The interpretation of disjunction in universal grammar

Research output: Contribution to journalArticleResearchpeer-review

Abstract

Child and adult speakers of English have different ideas of what 'or' means in ordinary statements of the form 'A or B'. Even more far-reaching differences between children and adults are found in other languages. This tells us that young children do not learn what 'or' means by watching how adults use 'or'. An alternative is to suppose that children draw upon a priori knowledge of the meaning of 'or'. This conclusion is reinforced by the observation that all languages adopt the same meaning of 'or' in certain structures. For example, statements of the form 'not S[A or B]' have the same meanings in all languages, and disjunctive statements receive a uniform interpretation in sentences that contain certain focus expressions, such as English 'only'. These observations are relevant for the long-standing "nature versus nurture" controversy. A linguistic property that (a) emerges in child language without decisive evidence from experience, and (b) is common to all human languages, is a likely candidate for innate specification. Experience matters, of course. As child speakers grow up, they eventually learn to use 'or' in the same way as adults do. But, based on findings from child language and cross-linguistic research, it looks like certain aspects of language, including the interpretation of disjunction, are part of the human genome.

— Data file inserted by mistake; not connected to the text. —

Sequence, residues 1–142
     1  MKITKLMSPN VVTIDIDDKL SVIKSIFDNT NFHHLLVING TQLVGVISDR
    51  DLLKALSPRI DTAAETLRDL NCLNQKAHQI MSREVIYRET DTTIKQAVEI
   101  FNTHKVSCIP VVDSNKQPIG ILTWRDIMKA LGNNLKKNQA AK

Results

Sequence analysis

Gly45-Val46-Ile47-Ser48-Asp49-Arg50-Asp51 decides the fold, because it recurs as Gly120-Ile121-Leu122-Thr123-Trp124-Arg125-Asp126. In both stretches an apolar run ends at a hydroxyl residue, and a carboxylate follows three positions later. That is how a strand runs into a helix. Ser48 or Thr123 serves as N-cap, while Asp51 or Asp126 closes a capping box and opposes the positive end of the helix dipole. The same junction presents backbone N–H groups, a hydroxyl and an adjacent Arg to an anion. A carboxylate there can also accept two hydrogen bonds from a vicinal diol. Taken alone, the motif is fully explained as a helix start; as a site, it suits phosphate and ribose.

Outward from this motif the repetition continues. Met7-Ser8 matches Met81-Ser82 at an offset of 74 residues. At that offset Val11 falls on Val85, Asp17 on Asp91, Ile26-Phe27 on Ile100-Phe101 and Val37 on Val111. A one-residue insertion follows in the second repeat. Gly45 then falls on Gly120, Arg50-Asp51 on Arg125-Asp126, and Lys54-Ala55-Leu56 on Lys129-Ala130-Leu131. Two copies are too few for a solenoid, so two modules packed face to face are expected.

LanguageEnglish
Pages151-169
Number of pages19
JournalLanguage and speech
Volume51
Issue number1-2
Publication statusPublished - 2008

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grammar
Language
interpretation
Child Language
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Linguistics
Human Genome
nature-nurture
linguistics
Universal Grammar
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Research
knowledge
evidence

Keywords

  • Child language
  • Cross-linguistic variation
  • Disjunction
  • Entailments
  • Focus expressions
  • Logical reasoning
  • Positive and negative polarity
  • Principles and parameters
  • Universal grammar

Cite this

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The interpretation of disjunction in universal grammar. / Crain, Stephen.

In: Language and speech, Vol. 51, No. 1-2, 2008, p. 151-169.

Research output: Contribution to journalArticleResearchpeer-review

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